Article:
Culture And Language By Leanne Simpson

1342 Words 5 Pages
Language is defined by Merriam-Webster Dictionary as a “system of words or signs that people use to express thoughts and feelings to each other” (Merriam-Webster). But language is more than that, language is a vessel that carries culture, spirituality, knowledge and wisdom, it connects humanity to the past therefore bringing an overall community essence to all those who speak it. As a result of this deep connection to language that humanity shares, when language is taken through assimilation it leaves a hole in a community. Indeed it leaves a hole in our collective knowledge and wisdom when the nuanced collective learning of an entire community is lost. The connection between culture and language is inseparable, a strong tie between the two, …show more content…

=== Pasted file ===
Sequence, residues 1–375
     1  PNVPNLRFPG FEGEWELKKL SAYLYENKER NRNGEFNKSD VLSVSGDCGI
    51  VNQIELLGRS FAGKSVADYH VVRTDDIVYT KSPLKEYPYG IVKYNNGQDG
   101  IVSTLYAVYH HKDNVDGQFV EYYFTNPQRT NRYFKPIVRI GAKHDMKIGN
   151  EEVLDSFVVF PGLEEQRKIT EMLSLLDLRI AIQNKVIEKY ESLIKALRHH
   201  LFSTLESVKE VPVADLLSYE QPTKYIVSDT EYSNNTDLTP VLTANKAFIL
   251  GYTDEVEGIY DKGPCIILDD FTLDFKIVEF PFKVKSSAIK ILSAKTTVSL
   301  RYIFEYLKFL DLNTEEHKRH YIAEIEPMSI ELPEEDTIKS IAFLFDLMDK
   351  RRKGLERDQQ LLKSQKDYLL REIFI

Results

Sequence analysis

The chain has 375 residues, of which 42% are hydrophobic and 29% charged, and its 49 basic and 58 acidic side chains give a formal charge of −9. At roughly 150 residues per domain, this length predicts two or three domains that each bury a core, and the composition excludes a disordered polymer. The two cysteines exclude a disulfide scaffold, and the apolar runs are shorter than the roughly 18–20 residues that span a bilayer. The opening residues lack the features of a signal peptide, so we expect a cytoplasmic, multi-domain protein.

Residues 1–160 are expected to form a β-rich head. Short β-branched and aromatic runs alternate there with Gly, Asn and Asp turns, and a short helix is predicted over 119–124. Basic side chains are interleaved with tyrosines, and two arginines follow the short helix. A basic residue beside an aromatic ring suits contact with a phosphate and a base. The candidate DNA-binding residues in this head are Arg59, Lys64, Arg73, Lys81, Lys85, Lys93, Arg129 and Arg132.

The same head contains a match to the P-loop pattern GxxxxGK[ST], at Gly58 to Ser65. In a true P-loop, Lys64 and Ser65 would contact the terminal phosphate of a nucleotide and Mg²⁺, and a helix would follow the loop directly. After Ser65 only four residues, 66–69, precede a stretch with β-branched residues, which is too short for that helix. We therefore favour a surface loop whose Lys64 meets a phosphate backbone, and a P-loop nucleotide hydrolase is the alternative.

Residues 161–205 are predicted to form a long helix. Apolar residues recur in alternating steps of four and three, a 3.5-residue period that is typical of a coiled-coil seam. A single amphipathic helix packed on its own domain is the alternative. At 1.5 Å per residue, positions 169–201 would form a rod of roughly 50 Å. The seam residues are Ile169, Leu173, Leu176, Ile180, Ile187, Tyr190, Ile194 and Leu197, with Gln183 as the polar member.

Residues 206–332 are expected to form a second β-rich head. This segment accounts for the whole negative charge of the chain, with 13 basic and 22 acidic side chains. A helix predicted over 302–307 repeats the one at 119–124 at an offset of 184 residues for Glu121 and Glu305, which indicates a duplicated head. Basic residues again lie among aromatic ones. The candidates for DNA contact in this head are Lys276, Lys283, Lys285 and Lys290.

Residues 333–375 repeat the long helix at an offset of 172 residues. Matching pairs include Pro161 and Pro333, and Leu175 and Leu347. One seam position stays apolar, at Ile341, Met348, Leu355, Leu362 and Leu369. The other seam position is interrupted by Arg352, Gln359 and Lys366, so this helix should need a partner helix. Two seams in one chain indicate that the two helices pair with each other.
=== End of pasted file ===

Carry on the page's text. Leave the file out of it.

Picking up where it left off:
Storytelling is fundamental within many indigenous cultures, as it holds many teachings and and assists in carrying on tradition and culture. One of the most famous author’s implementing this into her work is Leanne Simpson. By employing various decolonizing methods of writing, Simpson skillfully creates al resurgence of the language in a meaningful way. Leanne decolonizes her writing in various ways. First and foremost, the implementation of Anishinaabeg words into an English poem not only forces the reader to wonder what the words mean, but it also changes the privilege so that Anishinaabe speakers are privileged while reading the poetry. Whereas, the average settler English speaker is not privileged in this sense as they do not understand the language. This is fundamental as it equalizes the privilege between non-Anishinaabe and Anishinaabe people. Furthermore, in the poem How to Steal a Canoe, Simpson does not use grammar or capitalize her words as a further statement of decolonization (Simpson). As well, in this poem Simpson uses words such as “kwe”, “akiwenzie”, and “zhaganash” (Simpson). Not only does this subtlety reclaim Anishinaabe language, but the avoidance of grammar also works to decolonize her poetry and stories by rejecting Western rules of writing, providing freedom and innovation to her work. Simpson is one of the storyteller’s skillfully reclaiming and revitalizing Anishinaabe culture through the use of language. Ultimately, decolonizing and reclaiming language in whatever way an author can is yet another effective way in which one can strengthen the resurgence of not only indigenous language, but indigenous

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